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Ministry of Defence 2015
Ministry of Defence 2015
Shumshu Island is located at the northeastern end of the Kurile Islands (Kuril). To the southeast is Paramushir Strait and Paramushir Island. To the northeast is the Kuril Strait and Kamchatka. Part of the shipping route to Russia via Kamchatka and the Kurilsky Strait. Also known as Ostrov Shumshu or Shimushu-To. Prewar and during the Pacific War part of Japan. Between August 15, 1945 until December 26, 1991 part of the Union of Soviet Socialist Republics (USSR). Today located in Sakhalin Oblast in Russia.
During World War II, Shumshu Island was defended by roughly 8,000 Imperial Japanese Navy (IJN) and Imperial Japanese Army (IJA) personnel. The garrison included the 11th Tank Regiment under the command of Col Zueo Ikeda with a force of sixty-four tanks including twenty Type 97 Chi-Ha Shinimoto, nineteen Type 97 Chi-Ha and twenty-five Type 95 Ha-Go. Starting in the middle of June 1944 attacked by American bombers based in the Aleutian Islands in Alaska until early August 1945.
Allied missions against Shumshu (Shimushu)
June 19, 1944–August 12, 1945
On August 15, 1945 at noon, Japan accepted the Potsdam Declaration and unconditional surrendered to the Allies. In accordance with the surrender, Japanese garrisons began the disarmament process but maintained their right of self-defense to defend Japanese territory. Meanwhile, the Soviet Union planned to occupy the Kuries Islands to extend their borders before American occupation forces arrived in Japan.
Battle of Shumshu
On August 18, 1945 Soviet amphibious landing by 8,360 troops from the Army and Navy supported by warships and aircraft assaulted on Shumshu Island This operation was conducted despite the fact Japan had surrendered and the Pacific War had officially ended. The Russian forces did not expect opposition.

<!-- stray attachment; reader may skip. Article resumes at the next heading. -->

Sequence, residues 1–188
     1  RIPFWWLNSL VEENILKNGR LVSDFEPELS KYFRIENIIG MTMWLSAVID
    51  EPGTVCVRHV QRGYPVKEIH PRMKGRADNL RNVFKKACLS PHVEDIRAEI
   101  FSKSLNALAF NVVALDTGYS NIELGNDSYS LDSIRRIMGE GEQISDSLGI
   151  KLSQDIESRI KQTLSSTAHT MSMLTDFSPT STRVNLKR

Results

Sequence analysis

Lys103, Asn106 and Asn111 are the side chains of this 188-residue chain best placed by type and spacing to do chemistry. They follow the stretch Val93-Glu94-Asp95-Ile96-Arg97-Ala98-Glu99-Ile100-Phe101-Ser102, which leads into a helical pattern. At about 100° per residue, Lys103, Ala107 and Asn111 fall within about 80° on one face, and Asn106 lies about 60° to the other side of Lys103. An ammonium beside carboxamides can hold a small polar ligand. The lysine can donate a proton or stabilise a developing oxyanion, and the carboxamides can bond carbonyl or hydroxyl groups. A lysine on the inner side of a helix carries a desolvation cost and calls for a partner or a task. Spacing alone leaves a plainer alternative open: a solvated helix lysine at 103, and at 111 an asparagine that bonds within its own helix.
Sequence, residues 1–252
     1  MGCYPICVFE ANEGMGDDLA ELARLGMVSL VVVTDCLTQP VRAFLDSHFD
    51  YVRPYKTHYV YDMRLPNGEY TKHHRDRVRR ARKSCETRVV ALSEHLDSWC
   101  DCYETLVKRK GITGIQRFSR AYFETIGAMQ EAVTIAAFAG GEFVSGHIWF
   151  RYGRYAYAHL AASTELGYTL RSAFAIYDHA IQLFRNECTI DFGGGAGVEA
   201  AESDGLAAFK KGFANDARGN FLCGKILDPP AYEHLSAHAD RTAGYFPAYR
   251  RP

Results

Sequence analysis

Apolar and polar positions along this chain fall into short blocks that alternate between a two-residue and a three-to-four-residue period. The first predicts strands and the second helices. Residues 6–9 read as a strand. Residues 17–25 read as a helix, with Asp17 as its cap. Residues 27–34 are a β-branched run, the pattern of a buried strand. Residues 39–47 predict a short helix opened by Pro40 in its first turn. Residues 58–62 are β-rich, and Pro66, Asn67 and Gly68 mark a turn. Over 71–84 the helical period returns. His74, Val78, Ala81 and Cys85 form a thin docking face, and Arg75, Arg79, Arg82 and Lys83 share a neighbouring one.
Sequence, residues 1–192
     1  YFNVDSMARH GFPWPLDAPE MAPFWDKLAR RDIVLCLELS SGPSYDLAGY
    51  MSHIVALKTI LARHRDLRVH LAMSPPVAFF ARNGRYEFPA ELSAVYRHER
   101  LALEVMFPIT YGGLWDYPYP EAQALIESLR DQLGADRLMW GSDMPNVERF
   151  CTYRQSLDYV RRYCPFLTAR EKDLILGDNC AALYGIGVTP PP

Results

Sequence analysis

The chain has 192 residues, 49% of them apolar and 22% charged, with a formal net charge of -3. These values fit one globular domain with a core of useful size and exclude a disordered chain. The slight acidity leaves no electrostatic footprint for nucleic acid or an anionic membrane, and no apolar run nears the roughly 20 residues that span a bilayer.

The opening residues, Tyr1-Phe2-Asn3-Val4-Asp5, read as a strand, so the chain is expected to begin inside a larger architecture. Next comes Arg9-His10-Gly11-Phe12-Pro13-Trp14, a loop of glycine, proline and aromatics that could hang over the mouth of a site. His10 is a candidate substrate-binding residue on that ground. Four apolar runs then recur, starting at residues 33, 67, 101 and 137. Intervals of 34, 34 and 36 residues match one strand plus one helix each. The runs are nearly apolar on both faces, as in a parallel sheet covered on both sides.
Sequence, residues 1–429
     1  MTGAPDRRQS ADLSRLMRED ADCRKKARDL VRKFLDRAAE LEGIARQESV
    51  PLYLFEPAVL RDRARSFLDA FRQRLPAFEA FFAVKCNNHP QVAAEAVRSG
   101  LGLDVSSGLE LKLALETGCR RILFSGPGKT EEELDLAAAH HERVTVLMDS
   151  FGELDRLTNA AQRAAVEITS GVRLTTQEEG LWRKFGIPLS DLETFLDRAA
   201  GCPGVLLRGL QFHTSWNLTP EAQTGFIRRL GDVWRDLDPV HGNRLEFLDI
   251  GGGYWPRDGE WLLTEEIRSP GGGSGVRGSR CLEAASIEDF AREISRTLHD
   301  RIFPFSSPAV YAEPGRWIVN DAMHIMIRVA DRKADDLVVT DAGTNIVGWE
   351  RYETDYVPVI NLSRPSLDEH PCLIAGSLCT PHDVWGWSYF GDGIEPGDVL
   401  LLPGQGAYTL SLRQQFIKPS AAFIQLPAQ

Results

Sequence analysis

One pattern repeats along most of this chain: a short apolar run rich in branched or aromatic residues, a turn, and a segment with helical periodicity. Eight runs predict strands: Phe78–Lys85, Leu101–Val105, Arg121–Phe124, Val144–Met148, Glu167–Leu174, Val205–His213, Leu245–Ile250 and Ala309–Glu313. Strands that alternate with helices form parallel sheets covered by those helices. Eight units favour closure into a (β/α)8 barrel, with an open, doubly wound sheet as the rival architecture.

Although the Japanese were in the process of disarmament they responded in accordance with their right to defend Japanese territory. Aided by a layer of fog over the landing area, forty Japanese Type 97 Chi Ha medium tanks from the 11th Tank Regiment attacked the Soviet beachhead. For more than two hours a vicious close quarters tank battle ensued with the Japanese tanks claiming to have killed 100 Soviets. Caught by surprise, the Soviet troops rushed to deploy anti-tank guns to engage that . During the battle, the Japanese lost twenty-one tanks in the last armor action of World War II.
After defeating the counterattack, the Soviet forces continued to advance across Shumshu. On August 20, 1945 a cease fire was signed ending combat. On August 23, 1945 the remaining Japanese garrison officially surrendered ending the last battle of World War II.
After the war, the Soviets removed the Japanese garrison who were now prisoners of war to labor camps, along with able bodied civilian men from the islands. Other civilians were deported back to Japan. In 1946, the island was officially annexed by the Soviet Union. Japan formally gave up sovereignty under the terms of the San Francisco Peace Treaty of 1951.
Since the war, the island was considered part of the Soviet Union (Russia). The wrecks of several transport ships still remain. There are many bomb craters in the area. Several dozen tanks wrecks remain from the August 18, 1945 battle including a Type 97 Chi-Ha Medium Tank.
Located near the north coast includes Bettobi Airfield and Bettobi Seaplane Base and Bettobi swamp
Kataoka (Bajkovo, Байково)
Kataoka Harbor and Kataoka Fortress includes Kataoka Airfield (No. 1 Shumshu).
Japanese airfield, seaplane base and Headquarters 5th Fleet.
Located on the southern coast of the island, site of a Japanese Army radar and prewar fish cannery.
B-25J Mitchell 43-36140
Pilot Lewis force landed May 19, 1945 entire crew POW.
B-25J Mitchell 43-36149
Pilot Larsen crashed May 10, 1945 in sea off Shumshu.
Recovered in 2003, possibly B-25J 43-36140.
Tank Battle Memorial
A memorial shaped like a quadrant and plaque is located on a hill near the August 18, 1945 battlefield where roughly forty Japanese tanks attacked the Soviet forces for two hours resulting in the loss of twenty-one tanks.
The History of Battles of Imperial Japanese Tanks - Part II - Shimush
Ministry of Defence of the Russian Federation "Joint expedition of the Russian Ministry of Defence, Russian Geographical Society and Russian search movement for detection and reburial of dead Soviet soldiers at the Shumshu Island" (photos 2015)
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